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With a high burn-rate and modest revenues, Housing is now actively looking to score more money

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Housing has gone through a series of tough bouts since the removal of its so-called visionary CEO Rahul Yadav, but it has still managed to snag funds to survive — until now. As rumors suggest, the online real-estate platform is hanging by a thread and has only a sufficient cash to function only a few more months.

But, the present CEO Jason Kothari isn’t giving up on the company and is looking forward to raise fresh funds. The company has been active in the market and approached a few strategic investors to raise more money. Kothari in conversation with Business Standard says that,

We are looking to raise capital in a few months…We are stable… and it isn’t an urgent need.

But, is it…stable? If you take a look at the developments of Housing.com in the past year, then you’ll realise that it has spent more time at sea than at dock.

In the beginning of 2016, the company restructured its stance and stepped away from the home rental business. Once Kothari took over as CEO, he knew that Housing needed a change in business model to expand and stay relevant. So, the company has since then been laser focused on solving the pain points in home buying and selling, the largest real estate segment.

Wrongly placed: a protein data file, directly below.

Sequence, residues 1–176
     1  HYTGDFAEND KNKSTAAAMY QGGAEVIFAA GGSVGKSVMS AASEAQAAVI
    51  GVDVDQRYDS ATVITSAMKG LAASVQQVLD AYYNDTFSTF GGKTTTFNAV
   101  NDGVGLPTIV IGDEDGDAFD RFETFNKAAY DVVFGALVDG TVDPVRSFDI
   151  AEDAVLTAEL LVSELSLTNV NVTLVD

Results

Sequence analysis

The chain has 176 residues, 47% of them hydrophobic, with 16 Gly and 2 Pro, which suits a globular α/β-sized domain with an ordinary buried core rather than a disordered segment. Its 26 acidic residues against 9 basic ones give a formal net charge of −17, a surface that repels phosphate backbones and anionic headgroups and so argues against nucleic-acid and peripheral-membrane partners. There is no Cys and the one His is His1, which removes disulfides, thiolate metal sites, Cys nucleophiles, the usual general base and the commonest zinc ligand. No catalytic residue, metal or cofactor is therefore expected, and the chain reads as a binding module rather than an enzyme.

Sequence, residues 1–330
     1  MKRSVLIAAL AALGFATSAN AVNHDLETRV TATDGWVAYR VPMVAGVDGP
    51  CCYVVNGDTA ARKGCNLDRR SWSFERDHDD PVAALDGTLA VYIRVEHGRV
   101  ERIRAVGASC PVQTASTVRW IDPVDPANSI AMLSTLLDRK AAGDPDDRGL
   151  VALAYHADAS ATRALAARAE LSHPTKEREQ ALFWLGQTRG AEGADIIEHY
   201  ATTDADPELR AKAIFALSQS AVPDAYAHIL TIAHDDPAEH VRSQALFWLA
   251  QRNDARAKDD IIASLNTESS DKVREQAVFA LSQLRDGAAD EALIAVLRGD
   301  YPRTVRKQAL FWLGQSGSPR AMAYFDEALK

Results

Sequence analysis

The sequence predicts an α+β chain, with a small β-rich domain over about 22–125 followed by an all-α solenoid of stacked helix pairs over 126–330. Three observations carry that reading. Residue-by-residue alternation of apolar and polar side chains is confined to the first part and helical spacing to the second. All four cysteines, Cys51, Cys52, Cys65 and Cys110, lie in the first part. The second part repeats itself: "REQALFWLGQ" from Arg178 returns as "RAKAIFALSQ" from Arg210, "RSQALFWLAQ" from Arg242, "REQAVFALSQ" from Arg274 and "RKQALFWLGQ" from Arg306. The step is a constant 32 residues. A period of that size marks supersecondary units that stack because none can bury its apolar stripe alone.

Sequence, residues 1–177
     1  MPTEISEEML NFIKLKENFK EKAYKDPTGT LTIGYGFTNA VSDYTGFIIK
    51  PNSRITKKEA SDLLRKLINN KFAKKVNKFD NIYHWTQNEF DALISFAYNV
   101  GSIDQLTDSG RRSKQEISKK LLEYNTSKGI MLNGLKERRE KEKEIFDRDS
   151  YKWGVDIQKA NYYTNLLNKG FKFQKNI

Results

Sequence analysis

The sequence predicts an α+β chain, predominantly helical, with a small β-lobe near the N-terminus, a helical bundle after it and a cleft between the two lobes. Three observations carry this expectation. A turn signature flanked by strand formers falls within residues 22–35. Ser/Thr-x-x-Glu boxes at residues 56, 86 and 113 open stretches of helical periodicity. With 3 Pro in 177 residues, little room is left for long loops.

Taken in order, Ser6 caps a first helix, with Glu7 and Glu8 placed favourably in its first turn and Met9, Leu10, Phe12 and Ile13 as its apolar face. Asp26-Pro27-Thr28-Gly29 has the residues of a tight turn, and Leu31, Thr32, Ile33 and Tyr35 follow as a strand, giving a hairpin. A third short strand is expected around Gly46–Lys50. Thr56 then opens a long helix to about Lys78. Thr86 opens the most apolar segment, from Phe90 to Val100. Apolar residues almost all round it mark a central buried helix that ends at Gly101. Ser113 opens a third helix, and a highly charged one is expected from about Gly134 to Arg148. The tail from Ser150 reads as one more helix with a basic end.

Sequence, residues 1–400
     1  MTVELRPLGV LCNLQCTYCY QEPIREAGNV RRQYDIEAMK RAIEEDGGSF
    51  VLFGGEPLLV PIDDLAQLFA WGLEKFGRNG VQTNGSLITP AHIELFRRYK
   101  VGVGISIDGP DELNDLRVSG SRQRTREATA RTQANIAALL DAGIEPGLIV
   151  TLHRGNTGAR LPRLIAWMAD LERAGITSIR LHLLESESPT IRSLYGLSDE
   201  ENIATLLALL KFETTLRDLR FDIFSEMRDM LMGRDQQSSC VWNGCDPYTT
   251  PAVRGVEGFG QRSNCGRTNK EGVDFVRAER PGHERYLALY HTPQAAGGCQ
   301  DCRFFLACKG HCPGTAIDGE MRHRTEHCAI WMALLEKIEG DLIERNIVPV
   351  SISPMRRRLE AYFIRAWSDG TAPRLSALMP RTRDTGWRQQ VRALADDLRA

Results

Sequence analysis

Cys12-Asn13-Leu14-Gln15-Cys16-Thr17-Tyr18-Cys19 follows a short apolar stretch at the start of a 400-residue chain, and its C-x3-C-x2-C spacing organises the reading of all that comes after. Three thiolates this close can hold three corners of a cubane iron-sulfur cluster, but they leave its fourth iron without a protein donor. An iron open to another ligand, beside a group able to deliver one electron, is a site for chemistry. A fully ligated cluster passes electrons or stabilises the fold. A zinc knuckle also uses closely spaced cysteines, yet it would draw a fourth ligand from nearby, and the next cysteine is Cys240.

This huge business model change was accompanied by two important and staggering changes: one Housing had raised another $15 million from its biggest investor — SoftBank and the other being that the company had to lay-off over 400 personnel as a cost cutting strategy. During this consolidation period, there were also rumors that SoftBank was pushing Snapdeal to acquire the then struggling Housing.com.

Now that the company had rationalised its business model and had the right amount of resources, it started focusing on selling apartments from day one. Six months later, Housing now has over 11,000 developers and 18,000 active brokers on its platform — among which a large number remains to be monetized. However, it is now completing transactions worth 1.2 crore to 1.5 crore per month. But this is nothing compared to the burn rate of the company, which is as high as 10 crore per month.

And now it looks like that Housing is finally focusing on real issues, like strengthening the team, undertaking acquisitions, and, of course, refining the revenue model. The company has set sight on touching over $10 million in revenues this fiscal year. Kothari added that the company will not measure its revenue in gross merchandise value(GMV) and that it is on track to touch the mark. He also exclaimed that the platform will attain profitable in the coming 18 months.


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